You’ve heard of them and know they’re on a lot of most-wanted lists, but you’ve also wondered how to use an Instant Pot. I mean, it’s a pressure cooker, it gets steamy, and isn’t that supposed to be a little…risky?! Fear not, friends. My Instant Pot is one of my favorite kitchen appliances, and it will be yours too as long as you avoid these common mistakes!

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1. How to Use an Instant Pot 101: Add liquid before cooking.

Always, I repeat, always add liquid to your Instant Pot pressure cooker. Pressure cooking requires steam to build pressure. If you don’t add any liquid, or your foods are dry to begin with, you’ll be going out for dinner that night.

Add a minimum of 1/2 to 1 cup of liquid before starting your pressure cooker.

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2. But don’t add too much liquid — or use the wrong kind.

Pay attention to the “Max Fill Line” — it’s there for a reason. Certain foods expand when cooking (rice, beans, dried veggies), and the pressure in the pot needs ample space to function properly.

As for the right type of liquid to add to your Instant Pot, you’ll need a liquid that can turn into steam to cook your food. So avoid using heavy cream sauces, cornstarch, arrowroot, potato starch, or tomato paste.

Instead, wait for your food to be done cooking, then set it aside and use the saute function to thicken your sauce.

 

3. Don’t forget to seal the Instant Pot steam valve.

There should never be steam blowing out of your appliance while cooking — if there is, you didn’t seal the steam valve, and your food won’t be cooked.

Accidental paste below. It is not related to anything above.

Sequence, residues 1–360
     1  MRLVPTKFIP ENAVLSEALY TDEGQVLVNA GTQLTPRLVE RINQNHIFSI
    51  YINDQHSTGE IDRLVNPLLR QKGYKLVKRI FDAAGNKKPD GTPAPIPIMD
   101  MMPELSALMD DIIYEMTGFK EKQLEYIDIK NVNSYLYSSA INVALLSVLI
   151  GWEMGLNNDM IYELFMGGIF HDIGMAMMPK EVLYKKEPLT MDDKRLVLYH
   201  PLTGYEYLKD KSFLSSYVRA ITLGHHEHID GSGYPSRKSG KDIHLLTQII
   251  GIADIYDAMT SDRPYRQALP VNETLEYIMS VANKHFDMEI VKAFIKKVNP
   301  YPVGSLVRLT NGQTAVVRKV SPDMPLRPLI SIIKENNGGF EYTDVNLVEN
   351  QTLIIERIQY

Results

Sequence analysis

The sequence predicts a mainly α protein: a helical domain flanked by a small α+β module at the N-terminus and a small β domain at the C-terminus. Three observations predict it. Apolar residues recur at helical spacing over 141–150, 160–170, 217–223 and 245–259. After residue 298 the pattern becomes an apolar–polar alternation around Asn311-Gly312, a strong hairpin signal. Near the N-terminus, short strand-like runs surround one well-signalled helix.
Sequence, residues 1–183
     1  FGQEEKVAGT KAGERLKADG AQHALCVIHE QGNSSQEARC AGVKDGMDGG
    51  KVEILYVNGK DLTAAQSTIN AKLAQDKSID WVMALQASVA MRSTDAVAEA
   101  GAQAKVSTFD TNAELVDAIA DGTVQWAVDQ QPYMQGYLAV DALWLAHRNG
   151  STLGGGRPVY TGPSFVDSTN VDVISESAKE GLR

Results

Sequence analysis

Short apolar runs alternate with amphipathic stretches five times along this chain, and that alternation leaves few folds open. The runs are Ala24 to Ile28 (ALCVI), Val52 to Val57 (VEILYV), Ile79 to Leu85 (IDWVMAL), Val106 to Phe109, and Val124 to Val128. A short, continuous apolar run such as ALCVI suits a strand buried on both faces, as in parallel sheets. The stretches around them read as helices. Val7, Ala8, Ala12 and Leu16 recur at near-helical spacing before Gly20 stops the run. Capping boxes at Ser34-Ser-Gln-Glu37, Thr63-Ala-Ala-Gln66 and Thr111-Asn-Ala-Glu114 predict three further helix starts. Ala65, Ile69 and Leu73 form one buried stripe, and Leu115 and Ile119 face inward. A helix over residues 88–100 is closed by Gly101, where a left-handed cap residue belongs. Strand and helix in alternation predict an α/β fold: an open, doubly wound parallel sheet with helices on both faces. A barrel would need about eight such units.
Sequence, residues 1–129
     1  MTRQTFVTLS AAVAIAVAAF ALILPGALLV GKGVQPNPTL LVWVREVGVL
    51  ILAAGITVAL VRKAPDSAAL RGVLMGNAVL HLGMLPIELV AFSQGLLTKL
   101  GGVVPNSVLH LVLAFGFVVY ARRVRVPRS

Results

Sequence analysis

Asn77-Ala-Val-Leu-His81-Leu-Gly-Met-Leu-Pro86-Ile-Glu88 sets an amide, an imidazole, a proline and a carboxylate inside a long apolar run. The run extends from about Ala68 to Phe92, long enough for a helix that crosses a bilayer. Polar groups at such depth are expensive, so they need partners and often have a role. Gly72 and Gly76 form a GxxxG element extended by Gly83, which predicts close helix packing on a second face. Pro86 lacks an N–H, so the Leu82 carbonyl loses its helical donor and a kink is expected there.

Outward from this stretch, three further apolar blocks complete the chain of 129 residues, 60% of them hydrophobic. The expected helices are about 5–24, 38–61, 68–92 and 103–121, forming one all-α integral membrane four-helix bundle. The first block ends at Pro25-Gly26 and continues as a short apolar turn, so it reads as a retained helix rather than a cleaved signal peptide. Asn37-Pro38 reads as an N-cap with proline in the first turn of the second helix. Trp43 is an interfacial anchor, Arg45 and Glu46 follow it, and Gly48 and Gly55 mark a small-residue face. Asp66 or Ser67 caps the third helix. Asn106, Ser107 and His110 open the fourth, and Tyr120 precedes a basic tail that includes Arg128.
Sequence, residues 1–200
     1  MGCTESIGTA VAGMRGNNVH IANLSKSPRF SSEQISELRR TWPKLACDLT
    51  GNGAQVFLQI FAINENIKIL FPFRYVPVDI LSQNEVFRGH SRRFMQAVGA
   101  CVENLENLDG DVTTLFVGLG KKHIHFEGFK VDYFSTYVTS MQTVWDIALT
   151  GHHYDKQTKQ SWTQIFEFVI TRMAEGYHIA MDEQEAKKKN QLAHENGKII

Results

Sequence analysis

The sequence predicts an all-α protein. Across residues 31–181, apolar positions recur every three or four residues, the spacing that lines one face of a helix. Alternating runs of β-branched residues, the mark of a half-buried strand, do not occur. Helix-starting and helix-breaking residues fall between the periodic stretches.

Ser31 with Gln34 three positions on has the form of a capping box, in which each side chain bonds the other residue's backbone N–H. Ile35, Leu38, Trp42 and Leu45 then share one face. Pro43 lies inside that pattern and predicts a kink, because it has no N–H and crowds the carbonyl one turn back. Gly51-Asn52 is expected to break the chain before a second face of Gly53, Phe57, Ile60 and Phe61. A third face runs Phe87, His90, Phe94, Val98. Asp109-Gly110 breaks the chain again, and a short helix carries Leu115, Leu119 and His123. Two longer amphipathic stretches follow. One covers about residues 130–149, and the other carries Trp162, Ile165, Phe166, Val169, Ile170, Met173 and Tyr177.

Properly close the Instant Pot steam valve every time you use your pressure cooker.

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4. Don’t use the same sealing ring for every type of Instant Pot recipe.

Use different sealing rings for different Instant Pot recipes. You don’t want to use the same sealing ring you used to cook spicy fajitas and then a sweet treat.

Your cheesecake will come out tasting like spicy fajitas.

 

 

5. Don’t overcook food by using the “Keep Warm” function.

That “Keep Warm” function may be helpful, but if you leave food on that setting too long, you may accidentally overcook your food, leaving it dry.

 

6. Consider the time it takes to build and release pressure.

You have to allow enough time for your appliance to build pressure and release pressure. So the 15-minute recipe you just found may actually take 35 minutes to fully come to pressure, cook, and release pressure.

The amount of time needed to come to pressure and release pressure depends on the recipe and the amount of liquid.

 

7. Pay attention to the timer and start buttons.

Make sure you set the cooking function and then set your cooking time.

 

8. Don’t forget to put the inner pot back in before cooking again.

What may sound like a no-brainer is actually a pretty common mistake.

Since the inner pot is removable to clean, you may forget to stick it back in before dumping in your ingredients.

 

 

9. Don’t underestimate the saute function.

Because people are often looking for, well, instant results when using their Instant Pot pressure cooker, the saute feature is often the most underutilized function on an Instant Pot.

You can actually use the inner pot to saute onions, garlic, or even sear your meat before cooking it, which unlocks a deeper flavor in savory recipes.

 

10. Use the Instant Pot natural release and quick release accordingly.

Both the quick release and Instant Pot natural release will stop food from cooking. But the quick release will release the pressure immediately, and food will stop cooking quickly. The natural release will gradually stop cooking the food.

When cooking vegetables or other foods that can get overcooked easily, use the quick release. When cooking a pot roast or other slow-cooked meals, use the natural release.

TIP: Use a towel, pot holder, or silicone gloves to turn the valve vent. When you switch the steam valve to vent, steam will come out hot and fast — so protect your hands.

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How to Use an Instant Pot: 10 Common Mistakes to Avoid